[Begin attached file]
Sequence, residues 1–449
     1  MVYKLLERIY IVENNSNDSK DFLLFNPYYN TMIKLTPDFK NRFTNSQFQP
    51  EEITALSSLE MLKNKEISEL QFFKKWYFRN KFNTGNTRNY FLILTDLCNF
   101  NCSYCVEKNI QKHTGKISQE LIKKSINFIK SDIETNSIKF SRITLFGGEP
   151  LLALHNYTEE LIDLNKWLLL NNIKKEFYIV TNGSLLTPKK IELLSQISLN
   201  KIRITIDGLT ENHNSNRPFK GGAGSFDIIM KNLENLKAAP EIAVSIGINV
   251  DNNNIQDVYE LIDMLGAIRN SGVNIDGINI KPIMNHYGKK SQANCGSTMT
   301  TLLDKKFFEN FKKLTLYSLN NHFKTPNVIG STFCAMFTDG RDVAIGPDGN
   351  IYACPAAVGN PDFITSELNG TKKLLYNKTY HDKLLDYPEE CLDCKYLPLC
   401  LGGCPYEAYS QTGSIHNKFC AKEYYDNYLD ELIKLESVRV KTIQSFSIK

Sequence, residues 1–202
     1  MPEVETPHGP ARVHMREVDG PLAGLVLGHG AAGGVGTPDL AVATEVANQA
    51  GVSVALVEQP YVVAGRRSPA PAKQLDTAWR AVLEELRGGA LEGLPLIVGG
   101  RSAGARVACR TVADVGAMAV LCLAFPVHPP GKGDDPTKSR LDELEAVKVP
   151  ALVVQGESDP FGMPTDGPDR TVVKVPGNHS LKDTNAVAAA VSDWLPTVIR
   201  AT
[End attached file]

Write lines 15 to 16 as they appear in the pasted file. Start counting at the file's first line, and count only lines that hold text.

   151  ALVVQGESDP FGMPTDGPDR TVVKVPGNHS LKDTNAVAAA VSDWLPTVIR
   201  AT